Florida Highway Patrol Trooper Harassed By Cops For Arresting Fellow Cop, Receives Settlement [Video]

A Florida Highway Patrol trooper was recently awarded a settlement in connection to her 2011 arrest of a fellow officer for reckless speeding. Trooper Donna “Jane” Watts pulled over Miami Police Officer Fausto Lopez on October 11, 2011. The off-duty cop was clocked on radar driving his marked police car in excess of 120 MPH in Broward County. Officer Lopez refused to pull over for several minutes, before finally stopping on the wrong side of the road. The incident was caught on the Florida Highway Patrol trooper’s dash cam.

After the arrest, during which Florida Highway Patrol Trooper Watts cuffed and processed Officer Lopez for his excessive speeding, Trooper Watts was systematically harassed by 88 different law enforcement officers who reportedly accessed her personal information over 200 times, according to The Free Thought Project. Despite almost 100 officers being involved in the harassment of Florida Highway Patrol Trooper Jane Watts, only two of the cops involved were publicly named in the now-settled civil lawsuit.

According to the report, the 88 police officers involved in accessing Watts’ personal information over 200 times illegally pried into virtually every aspect of the Florida Highway Patrol trooper’s life. The cops involved in the illegal information dig accessed the trooper’s picture, her Social Security number, and her home address and date of birth, among other highly personal information.

Watts’ lawsuit states that the 88 police officers who illegally accessed the Florida Highway Patrol trooper’s personal information were employed by 25 different law enforcement jurisdiction. And their harassment didn’t stop at simply accessing the Florida trooper’s personal information. According to the lawsuit, the officers also made (or issued) threatening phone calls and skulked in front of Watts’ residence in their police vehicles for no reason. The report by The Free Thought Project called the 88 officers’ actions against trooper Watts a “covert psychological war.”

The Sun Sentinel reported today that they’ve discovered that in Florida, police officers are notorious for speeding offenses, being among the “worst speeding offenders in the state.” According to the newspaper’s investigation, over 700 Florida officers from a dozen jurisdictions have been found driving from 90-130 MPH on Florida roads. What’s worse? Most of these officers were, like officer Lopez, off-duty, many coming to and from work in their take-home patrol cars.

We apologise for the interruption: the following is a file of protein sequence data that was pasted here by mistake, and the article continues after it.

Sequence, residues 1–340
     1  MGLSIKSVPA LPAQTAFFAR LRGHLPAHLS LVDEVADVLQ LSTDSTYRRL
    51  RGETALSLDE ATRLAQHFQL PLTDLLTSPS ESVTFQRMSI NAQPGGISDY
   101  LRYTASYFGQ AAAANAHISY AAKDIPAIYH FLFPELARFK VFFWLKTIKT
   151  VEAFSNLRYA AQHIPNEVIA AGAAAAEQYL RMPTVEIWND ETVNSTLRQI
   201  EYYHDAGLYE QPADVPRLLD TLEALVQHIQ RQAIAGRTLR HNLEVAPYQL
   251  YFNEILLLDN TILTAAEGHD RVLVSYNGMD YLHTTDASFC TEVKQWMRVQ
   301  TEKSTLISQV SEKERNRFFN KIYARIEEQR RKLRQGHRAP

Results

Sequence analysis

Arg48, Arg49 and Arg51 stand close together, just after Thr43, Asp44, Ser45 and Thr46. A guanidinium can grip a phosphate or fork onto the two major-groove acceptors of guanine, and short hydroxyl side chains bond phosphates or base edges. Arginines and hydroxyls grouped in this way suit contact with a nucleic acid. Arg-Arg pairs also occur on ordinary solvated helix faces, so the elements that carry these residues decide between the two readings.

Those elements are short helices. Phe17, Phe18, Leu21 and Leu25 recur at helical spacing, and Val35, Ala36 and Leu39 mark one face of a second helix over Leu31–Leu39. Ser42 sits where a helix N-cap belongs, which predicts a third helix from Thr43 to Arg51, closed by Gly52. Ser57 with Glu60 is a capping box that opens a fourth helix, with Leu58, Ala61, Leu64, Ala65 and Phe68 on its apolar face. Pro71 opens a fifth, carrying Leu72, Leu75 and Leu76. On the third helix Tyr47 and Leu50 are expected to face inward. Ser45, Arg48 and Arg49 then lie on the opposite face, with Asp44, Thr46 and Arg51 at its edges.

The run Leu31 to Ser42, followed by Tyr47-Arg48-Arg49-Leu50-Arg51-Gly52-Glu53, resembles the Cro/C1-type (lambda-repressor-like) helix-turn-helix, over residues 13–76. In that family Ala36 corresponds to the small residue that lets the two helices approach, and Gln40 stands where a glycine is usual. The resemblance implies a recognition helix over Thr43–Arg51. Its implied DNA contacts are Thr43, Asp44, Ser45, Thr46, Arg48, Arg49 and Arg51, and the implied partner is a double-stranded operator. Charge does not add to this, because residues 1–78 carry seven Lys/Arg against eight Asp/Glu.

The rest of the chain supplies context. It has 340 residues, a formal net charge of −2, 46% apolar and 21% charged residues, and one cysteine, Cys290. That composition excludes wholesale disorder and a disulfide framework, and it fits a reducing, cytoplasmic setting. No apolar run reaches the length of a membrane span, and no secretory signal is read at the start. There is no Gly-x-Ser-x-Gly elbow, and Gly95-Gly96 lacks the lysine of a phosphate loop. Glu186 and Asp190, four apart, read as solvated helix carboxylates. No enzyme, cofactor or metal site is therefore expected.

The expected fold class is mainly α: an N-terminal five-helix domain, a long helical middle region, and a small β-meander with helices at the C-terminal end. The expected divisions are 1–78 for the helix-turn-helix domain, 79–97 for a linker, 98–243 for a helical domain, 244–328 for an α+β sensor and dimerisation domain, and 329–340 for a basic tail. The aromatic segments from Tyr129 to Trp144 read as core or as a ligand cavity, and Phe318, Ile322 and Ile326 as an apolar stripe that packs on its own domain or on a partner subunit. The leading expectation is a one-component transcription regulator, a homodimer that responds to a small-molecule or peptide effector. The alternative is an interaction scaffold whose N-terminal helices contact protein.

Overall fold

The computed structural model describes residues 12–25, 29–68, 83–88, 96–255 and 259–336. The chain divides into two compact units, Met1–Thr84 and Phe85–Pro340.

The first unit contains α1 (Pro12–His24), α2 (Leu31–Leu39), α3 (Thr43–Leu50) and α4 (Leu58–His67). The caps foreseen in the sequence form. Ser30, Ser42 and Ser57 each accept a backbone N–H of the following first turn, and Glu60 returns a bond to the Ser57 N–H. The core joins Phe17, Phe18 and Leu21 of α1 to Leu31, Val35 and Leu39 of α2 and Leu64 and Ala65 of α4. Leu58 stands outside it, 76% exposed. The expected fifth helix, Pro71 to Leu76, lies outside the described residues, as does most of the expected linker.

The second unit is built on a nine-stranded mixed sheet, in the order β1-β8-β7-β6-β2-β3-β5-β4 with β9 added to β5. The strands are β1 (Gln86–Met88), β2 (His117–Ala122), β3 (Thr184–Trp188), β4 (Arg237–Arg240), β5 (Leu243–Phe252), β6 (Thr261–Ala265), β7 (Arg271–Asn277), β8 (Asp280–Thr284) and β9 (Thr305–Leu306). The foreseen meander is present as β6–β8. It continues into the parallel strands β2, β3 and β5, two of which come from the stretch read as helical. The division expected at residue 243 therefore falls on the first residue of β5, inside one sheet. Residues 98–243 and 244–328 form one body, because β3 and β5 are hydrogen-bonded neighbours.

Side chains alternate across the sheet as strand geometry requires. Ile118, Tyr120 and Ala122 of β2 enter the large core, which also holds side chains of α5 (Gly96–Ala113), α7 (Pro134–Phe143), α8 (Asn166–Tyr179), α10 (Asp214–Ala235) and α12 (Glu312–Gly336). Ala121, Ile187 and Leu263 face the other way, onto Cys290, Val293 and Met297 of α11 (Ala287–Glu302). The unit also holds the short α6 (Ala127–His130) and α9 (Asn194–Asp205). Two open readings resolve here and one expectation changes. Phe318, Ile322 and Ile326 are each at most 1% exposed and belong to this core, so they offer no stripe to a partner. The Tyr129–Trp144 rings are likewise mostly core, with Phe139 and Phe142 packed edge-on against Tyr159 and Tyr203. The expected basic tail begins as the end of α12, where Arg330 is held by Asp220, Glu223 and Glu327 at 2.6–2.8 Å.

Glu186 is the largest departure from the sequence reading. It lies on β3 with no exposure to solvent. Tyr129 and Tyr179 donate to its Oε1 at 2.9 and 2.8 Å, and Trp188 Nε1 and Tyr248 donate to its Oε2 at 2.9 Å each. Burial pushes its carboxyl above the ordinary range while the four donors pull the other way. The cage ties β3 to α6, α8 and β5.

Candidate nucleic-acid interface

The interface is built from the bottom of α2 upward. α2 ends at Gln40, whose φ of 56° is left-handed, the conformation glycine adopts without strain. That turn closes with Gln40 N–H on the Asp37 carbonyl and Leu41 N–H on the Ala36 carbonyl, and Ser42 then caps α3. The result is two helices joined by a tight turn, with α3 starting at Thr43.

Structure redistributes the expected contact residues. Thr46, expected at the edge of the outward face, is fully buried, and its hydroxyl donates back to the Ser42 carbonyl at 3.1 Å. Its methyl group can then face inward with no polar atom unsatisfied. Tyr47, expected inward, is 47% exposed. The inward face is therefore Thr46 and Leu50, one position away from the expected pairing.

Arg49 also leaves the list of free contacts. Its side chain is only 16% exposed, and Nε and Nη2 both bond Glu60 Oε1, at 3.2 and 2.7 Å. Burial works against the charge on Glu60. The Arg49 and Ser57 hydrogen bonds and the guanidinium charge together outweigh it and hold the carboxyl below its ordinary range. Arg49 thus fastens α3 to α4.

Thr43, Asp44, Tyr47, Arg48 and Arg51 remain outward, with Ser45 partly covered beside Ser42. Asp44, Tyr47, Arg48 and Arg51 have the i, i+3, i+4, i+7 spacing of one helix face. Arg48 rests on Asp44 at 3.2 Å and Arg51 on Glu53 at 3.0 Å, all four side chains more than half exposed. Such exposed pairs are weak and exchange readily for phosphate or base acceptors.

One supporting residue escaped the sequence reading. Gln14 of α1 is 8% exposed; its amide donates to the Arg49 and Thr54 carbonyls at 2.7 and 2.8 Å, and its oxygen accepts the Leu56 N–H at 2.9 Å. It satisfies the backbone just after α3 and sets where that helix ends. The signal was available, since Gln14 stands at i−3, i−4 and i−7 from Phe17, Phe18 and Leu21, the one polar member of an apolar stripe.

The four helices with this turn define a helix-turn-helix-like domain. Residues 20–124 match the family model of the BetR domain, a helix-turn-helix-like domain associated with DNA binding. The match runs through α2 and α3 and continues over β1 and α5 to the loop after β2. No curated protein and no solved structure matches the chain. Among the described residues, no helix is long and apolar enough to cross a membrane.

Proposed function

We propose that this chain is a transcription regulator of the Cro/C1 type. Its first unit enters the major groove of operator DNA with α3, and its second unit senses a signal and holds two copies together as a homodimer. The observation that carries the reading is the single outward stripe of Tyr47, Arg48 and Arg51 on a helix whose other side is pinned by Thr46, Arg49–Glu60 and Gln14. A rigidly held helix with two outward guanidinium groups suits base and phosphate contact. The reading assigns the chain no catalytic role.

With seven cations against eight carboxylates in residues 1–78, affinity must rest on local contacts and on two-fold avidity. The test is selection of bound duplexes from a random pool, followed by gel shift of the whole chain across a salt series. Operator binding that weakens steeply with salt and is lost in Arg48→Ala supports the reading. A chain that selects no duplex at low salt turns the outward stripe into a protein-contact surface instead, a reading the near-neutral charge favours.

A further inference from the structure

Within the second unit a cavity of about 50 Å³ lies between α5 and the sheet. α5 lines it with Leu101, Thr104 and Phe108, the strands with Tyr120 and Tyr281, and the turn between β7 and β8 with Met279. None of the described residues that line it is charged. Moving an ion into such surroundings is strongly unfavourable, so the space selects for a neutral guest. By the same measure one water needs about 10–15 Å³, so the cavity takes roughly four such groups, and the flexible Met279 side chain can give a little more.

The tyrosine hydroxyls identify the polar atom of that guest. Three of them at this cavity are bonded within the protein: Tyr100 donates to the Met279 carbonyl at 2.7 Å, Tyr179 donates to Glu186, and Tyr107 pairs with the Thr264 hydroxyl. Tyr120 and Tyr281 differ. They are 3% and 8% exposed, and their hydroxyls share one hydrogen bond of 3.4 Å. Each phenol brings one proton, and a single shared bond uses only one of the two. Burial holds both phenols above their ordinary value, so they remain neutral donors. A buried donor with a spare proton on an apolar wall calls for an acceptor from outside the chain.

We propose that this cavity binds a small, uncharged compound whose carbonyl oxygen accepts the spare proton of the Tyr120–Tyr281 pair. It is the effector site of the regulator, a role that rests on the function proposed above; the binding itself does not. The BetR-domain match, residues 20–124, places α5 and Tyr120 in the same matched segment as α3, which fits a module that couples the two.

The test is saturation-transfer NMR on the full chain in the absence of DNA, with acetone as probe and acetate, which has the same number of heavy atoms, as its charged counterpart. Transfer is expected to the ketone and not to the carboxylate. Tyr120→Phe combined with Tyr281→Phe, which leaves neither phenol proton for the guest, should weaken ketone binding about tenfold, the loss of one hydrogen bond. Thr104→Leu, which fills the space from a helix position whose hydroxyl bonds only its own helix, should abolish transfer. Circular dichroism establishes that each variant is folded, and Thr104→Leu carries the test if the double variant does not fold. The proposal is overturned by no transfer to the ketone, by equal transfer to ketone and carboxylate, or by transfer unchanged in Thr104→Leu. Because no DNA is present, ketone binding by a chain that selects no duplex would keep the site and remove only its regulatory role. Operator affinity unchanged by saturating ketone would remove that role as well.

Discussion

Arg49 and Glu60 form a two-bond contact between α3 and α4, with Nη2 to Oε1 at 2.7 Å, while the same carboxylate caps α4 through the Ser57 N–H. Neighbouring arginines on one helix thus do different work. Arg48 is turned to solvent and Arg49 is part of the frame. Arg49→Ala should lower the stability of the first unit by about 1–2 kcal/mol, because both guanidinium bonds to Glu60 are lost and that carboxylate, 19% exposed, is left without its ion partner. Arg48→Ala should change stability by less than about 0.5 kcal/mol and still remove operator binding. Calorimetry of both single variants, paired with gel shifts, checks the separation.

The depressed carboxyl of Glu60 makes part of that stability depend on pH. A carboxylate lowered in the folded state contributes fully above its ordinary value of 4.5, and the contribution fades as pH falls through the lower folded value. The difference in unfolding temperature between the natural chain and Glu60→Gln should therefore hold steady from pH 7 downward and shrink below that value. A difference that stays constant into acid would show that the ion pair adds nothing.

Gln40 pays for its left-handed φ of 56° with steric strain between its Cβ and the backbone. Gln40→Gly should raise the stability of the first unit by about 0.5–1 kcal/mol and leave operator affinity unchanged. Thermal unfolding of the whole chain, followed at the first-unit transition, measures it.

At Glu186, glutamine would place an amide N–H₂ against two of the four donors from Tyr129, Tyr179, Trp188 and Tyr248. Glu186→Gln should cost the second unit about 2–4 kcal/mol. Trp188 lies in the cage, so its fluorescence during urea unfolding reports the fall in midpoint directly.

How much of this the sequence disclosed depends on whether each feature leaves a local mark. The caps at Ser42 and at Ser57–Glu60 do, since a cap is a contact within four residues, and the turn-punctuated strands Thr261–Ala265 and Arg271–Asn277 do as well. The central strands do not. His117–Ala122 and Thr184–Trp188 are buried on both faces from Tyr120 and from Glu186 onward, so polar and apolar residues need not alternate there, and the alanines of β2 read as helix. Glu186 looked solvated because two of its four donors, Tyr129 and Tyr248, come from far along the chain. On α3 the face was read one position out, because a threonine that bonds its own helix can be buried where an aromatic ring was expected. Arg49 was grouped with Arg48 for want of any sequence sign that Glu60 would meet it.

The Sun Sentinel got its information from SunPass toll records. The publication got its hands on a year’s worth and then took to the highway with a GPS device to determine how fast the Florida officers and troopers have been driving (based on how long it took them to get from one toll booth to the next).

Not only do many Florida cops speed excessively and at an alarming rate, they have a penchant for causing deadly accidents, too. Speeding Florida cops have caused 320 crashes and 19 fatalities since 2004. And they are almost never severely punished for their traffic transgressions. Only a single Florida cop has been incarcerated during that time, and even then only for 60 days.

While speeding among Florida cops and troopers is apparently an epidemic, it’s possible that the newly released report may bring about some changes. According to the article, top Florida police brass were shocked by the findings of the investigation, and all agencies involved in the report have begun internal investigations.

Fortunately, the officer pulled over and charged by the Florida Highway Patrol trooper was detained before he could be involved in an accident or injure/kill himself or another Florida citizen.

In the case of Jane Watts, she was mailed a settlement in the amount of $5,000 by the city of Hollywood on February 29. The settlement came as a result of accusations levied against fellow Florida officers Robert Gianino and Keith Wadsworth, who Watts claimed violated her privacy by accessing her driver’s license data without legal cause. Before the Florida Highway Patrol trooper could even file a lawsuit, she also received a $10,000 settlement from Margate City and a $7,500 settlement from Lauderhill as a result of their police officers illegally accessing her private information.

Trooper Watts also has pending cases against officers from Broward Sheriff’s Office; the cities of Miami, Orlando, and Port St. Lucie; and 14 employees of the Florida Highway Patrol. In each of these cases, Watts accuses officers of illegally accessing her personal data in order to perpetuate harassment against her.

None of the officers named in Watts’ lawsuits has faced criminal charges or been forced to personally pay punitive damages for their harassment of a fellow officer. Unfortunately for Florida citizens, all settlements paid to the Florida Highway Patrol trooper will be funded by taxpayers.

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